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This article has been peer reviewed. It is the author’s final published version in Journal of Experimental and Clinical Cancer Research

Volume 36, Issue 1, November 2017, Article number 168

The published version is available at DOI: 10.1186/s13046-017-0638-6. Copyright © Li et al.


BACKGROUND: Previous studies have indicated that tumor mitochondrial DNA (mtDNA) mutations are primarily shaped by relaxed negative selection, which is contradictory to the critical roles of mtDNA mutations in tumorigenesis. Therefore, we hypothesized that site-specific selection may influence tumor mtDNA mutations.

METHODS: To test our hypothesis, we developed the largest collection of tumor mtDNA mutations to date and evaluated how natural selection shaped mtDNA mutation patterns.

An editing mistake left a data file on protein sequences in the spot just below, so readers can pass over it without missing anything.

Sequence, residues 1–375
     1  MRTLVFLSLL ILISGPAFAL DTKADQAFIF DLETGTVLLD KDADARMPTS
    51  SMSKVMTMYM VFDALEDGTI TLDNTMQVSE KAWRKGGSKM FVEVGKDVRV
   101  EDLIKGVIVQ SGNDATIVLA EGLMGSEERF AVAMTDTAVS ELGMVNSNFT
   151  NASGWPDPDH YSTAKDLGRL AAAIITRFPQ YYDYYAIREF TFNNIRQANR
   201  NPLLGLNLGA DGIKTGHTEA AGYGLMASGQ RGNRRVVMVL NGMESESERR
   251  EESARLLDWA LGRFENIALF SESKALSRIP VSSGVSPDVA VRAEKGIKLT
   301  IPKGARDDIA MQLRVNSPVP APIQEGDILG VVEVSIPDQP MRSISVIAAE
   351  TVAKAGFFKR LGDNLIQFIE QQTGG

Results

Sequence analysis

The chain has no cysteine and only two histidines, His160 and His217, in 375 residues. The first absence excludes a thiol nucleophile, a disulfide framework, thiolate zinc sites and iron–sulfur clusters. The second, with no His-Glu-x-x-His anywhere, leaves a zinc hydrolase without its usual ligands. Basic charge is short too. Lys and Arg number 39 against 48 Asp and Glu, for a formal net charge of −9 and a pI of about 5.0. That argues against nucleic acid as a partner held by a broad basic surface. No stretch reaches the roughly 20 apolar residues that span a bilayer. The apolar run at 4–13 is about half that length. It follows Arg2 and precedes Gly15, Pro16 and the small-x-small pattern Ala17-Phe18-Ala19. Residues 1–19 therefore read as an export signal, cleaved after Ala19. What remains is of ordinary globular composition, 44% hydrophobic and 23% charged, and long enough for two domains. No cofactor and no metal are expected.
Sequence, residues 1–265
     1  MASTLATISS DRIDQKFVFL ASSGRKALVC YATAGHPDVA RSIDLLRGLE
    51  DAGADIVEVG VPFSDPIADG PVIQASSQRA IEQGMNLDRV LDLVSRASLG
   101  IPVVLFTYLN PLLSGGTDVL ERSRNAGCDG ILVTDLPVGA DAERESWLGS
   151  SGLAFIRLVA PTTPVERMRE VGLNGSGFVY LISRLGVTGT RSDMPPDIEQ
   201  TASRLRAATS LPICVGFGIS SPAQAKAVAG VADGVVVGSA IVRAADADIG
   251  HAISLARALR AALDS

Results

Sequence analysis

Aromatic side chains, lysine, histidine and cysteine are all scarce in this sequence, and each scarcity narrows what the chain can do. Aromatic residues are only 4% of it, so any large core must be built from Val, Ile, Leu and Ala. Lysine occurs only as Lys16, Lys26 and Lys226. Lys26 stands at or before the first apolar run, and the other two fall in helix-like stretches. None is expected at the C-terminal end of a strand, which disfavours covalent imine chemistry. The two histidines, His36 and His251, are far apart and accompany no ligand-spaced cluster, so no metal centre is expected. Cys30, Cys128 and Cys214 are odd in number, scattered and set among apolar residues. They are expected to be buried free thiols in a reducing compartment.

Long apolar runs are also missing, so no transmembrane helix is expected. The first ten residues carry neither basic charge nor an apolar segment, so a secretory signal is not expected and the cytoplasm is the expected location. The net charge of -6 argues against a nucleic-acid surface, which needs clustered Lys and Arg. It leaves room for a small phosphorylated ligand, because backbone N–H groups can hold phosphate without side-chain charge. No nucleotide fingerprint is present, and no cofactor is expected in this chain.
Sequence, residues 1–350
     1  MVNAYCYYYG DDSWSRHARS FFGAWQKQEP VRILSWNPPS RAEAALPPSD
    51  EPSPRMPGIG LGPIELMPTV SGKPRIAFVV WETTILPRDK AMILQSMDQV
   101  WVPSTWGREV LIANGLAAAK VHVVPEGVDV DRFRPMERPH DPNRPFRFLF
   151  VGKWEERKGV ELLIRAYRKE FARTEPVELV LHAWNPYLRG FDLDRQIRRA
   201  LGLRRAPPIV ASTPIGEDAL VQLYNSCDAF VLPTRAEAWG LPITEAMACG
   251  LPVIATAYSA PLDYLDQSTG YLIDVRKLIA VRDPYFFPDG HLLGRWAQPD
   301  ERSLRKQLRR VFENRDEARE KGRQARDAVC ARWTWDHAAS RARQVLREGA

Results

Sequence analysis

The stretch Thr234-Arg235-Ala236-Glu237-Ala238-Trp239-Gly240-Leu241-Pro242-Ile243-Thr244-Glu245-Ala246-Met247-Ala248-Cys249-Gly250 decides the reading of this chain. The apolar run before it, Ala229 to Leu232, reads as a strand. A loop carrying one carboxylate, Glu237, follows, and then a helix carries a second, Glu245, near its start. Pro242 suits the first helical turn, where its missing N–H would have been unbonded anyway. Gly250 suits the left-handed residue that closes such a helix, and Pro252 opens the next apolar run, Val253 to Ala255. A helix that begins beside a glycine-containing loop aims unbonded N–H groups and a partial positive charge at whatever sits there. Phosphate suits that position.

RESULTS: Our data demonstrated that both positive and negative selections acted on specific positions or functional units of tumor mtDNAs, although the landscape of these mutations was consistent with the relaxation of negative selection. In particular, mutation rate (mutation number in a region/region bp length) in complex V and tRNA coding regions, especially in ATP8 within complex V and in loop and variable regions within tRNA, were significantly lower than those in other regions. While the mutation rate of most codons and amino acids were consistent with the expectation under neutrality, several codons and amino acids had significantly different rates. Moreover, the mutations under selection were enriched for changes that are predicted to be deleterious, further supporting the evolutionary constraints on these regions.

CONCLUSION: These results indicate the existence of site-specific selection and imply the important role of the mtDNA mutations at some specific sites in tumor development.

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Creative Commons License
This work is licensed under a Creative Commons Attribution 4.0 License.

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